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The Second Battle of Tarain
|Location||Taraori (near Karnal)|
|Territorial changes||Mu’izz al-Din conquers much of north-west India including Delhi|
In 1192, the Ghurid army led by Muhammad Ghori and the Rajput Chahamanas and their allies led by Prithvi Raj Chauhan fought the second battle of Tarain. The Rajputs were defeated in the fight, exposing north India to future invasions and Turkic tribe domination.
Background of the Second Battle of Tarain
The background history of the Second Battle of Tarain is as follows:
- Muhammad Ghori returned to Ghazni after being defeated by Prithvi Raj Chauhan in the first battle of Tarain in 1191. He publicly humiliated and dismissed his armies’ captains and commanders for their cowardice at Tarain, and vowed to refrain from all luxury until he avenged his defeat. Keeping this in mind, he began rebuilding his forces, focusing on firepower, mobility, and discipline.
- Meanwhile, Prithvi Raj Chuhan was overjoyed by his victory in Tarain. He neglected to strengthen his frontiers, believing that he had shown the supremacy of his soldiers, however he did send proposals to neighbouring kingdoms in order to deploy a larger army should the Ghurids make another effort.
- Muhammad Ghori marched with a force of 52,000 cavalry in the summer of 1192, roughly half of the Ghurid army. When he arrived in Peshawar, he felt that forgiving his dismissed commanders would be sensible, and he urged them to rejoin his army, which they did.
- After only a month, Muhammad Ghori recaptured the fort at Bathinda, which had surrendered to Rajput soldiers. Muhammad Ghori issued a demand to Prithvi Raj Chauhan to accept him as suzerain once more, but he was turned down.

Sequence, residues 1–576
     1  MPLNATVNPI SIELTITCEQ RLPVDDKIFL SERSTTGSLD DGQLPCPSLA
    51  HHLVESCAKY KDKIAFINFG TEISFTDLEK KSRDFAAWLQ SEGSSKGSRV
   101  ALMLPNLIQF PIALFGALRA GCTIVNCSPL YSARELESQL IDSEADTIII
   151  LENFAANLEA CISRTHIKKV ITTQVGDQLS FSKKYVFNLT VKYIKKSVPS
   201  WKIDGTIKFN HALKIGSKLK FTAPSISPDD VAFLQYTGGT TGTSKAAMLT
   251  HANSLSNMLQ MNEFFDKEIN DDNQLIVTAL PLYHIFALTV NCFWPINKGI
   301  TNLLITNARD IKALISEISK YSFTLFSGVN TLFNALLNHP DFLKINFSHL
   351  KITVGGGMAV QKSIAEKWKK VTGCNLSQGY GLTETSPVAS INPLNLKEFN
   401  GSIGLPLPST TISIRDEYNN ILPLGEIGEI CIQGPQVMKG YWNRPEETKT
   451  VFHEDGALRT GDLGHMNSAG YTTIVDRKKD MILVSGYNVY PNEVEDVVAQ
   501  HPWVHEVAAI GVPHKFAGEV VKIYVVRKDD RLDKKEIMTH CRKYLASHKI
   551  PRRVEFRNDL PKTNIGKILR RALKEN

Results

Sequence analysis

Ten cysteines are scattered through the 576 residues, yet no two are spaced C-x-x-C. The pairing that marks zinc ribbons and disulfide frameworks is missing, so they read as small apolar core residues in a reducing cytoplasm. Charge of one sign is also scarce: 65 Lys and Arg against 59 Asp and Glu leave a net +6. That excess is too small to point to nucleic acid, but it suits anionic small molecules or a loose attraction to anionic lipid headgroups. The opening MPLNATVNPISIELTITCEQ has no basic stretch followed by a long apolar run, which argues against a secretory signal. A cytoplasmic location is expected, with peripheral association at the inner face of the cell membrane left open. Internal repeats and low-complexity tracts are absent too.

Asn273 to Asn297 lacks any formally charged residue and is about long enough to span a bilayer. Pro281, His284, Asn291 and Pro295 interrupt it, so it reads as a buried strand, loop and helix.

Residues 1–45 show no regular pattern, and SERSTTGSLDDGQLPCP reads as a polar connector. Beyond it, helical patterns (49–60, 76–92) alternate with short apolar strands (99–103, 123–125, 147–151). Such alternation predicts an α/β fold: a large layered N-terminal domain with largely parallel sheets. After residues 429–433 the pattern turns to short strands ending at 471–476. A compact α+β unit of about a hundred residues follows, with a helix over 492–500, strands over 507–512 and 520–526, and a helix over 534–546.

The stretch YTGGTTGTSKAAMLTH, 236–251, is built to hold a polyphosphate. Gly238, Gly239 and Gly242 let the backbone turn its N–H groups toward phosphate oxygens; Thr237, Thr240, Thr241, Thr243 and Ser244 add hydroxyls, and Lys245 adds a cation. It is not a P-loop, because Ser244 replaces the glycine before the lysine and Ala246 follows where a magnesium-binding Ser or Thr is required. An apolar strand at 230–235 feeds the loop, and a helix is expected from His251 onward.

- Prithvi Raj Chauhan marched out to meet Muhammad Ghori once more, but the amount of soldiers he had raised for his army fell short of his expectations, as he had sent his commanders on other battles in the previous months. Although ancient accounts claim that Prithvi Raj Chauhan’s armies totaled 500,000 men and 3000 elephants, current historians agree that 100,000 men and three elephants was the correct figure.
- On the fields of Tarain, Prithvi Raj Chauhan sent Muhammad Ghori a message saying that he was willing to let the Ghurid king return to his homeland without a struggle with a battle, but that if he did not, he would destroy him. He claimed to agree to his requirements, demanding that he keep Bathinda.
- In the meantime, the Ghurid soldiers were preparing for battle and conducting inspection of the Rajput forces.
- The ruse misled Prithivi Raj into a false sense of security, leading him to skip his own scouting mission. The Ghurid army marched out before dawn, carrying out a surprise raid on the Rajput camp in which they were camped.
- The Rajputs took some time to recover from their first surprise, as their military philosophy outlawed night-time fights. Eventually, they defeated the Ghurid cavalry approaching them. The Rajputs discovered that the Ghurids had already formed a battle formation while pursuing the raiding army. Tarain’s second battle was about to begin.
Events of the Second Battle of Tarain
Here is how the Second Battle of Tarain turned out:
The Ghurids did not want to engage in physical combat with the Rajput army since they knew they were well-trained. Instead, the Ghurid army was divided into five units, with four units attacking the enemy’s flanks and rear. Ghori changed tactics and used a strategy that had been used by horse archers for centuries: a feigned retreat. The Rajput soldiers charged the supposedly fleeing battalion, as planned. The remaining Ghurid forces attacked immediately, and some Rajput men fled in terror, while others remained firm and battled till the last breath was taken.
Aftermath of the Second Battle of Tarain
Prithvi Raj Chauhan was captured and promptly executed, according to some historical sources, while other mediaeval records claim that Prithviraj was taken to Ajmer, where Muhammad planned to reinstate him as a Ghurid slave. The second battle of Tarain is significant among the Turkish and Arab invasions of India in that, while the Ghurid Kingdom did not last, the Islamic presence it left behind ensured that it would have a permanent base, influencing the cultural dynamics and history of the Indian subcontinent from then on.